Even the most severe OCD is highly treatable. As is true of most medical and psychological disorders, the earlier that treatment begins the more effective it is and the higher the likelihood that recurrences can be prevented.

       The first step toward getting help is to see your Primary Care Provider (PCP), the medical provider whom you see for other disorders. Certain medications and medical conditions can cause the same symptoms as OCD. Your PCP can rule out these conditions by conducting a physical examination, asking questions, and/or ordering lab tests. If medications and medical conditions can be ruled out, your PCP will then prescribe an appropriate medication and/or refer you to a mental health professional for further evaluation.

       A mental health professional will conduct a complete diagnostic evaluation, including a discussion of any family history of OCD and other psychological disorders and a complete history of symptoms. This history will include when your OCD started; how long you've had OCD; how severe your OCD is; whether or not you've had OCD before; if so whether or not you received treatment and how successful that treatment was; whether or not alcohol and/or substance abuse are involved; whether or not there are other psychological disorders present; and whether or not you feel suicidal and/or are planning to harm or kill yourself.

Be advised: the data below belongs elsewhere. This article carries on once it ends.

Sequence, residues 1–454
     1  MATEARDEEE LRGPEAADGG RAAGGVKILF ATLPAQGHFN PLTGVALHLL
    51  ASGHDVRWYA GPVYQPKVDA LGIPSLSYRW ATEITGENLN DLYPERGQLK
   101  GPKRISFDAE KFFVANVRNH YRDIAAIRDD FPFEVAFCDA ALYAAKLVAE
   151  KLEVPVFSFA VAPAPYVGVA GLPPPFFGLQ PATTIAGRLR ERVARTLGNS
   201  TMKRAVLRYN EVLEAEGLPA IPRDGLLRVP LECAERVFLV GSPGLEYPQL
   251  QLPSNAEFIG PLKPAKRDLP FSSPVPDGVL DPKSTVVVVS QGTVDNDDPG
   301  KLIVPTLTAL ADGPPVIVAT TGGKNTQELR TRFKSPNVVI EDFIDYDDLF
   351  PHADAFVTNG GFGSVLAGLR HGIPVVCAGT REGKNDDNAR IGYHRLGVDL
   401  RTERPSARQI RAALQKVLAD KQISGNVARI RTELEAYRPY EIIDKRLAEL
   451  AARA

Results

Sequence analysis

How is Obsessive-Compulsive Disorder (OCD) treated?

       Effective therapies for Obsessive-Compulsive Disorder (OCD) are available, and research is uncovering new treatments that can help most people with OCD lead productive, fulfilling lives. The most common treatments are medication, psychotherapy, and a combination of the two. Medication can’t cure OCD, but it can keep it under control while you participate in psychotherapy. The most common medications used to treat OCD are antidepressants, anti-anxiety drugs, and beta-blockers. Antidepressant medications were developed to treat depression but are also effective for anxiety. Although these medications begin to alter brain chemistry after the very first dose, their full effects require a series of changes to occur in the brain, so it usually take about four to sixs weeks for symptoms to begin to fade. It’s therefore important to take an antidepressant long enough for it to work for you.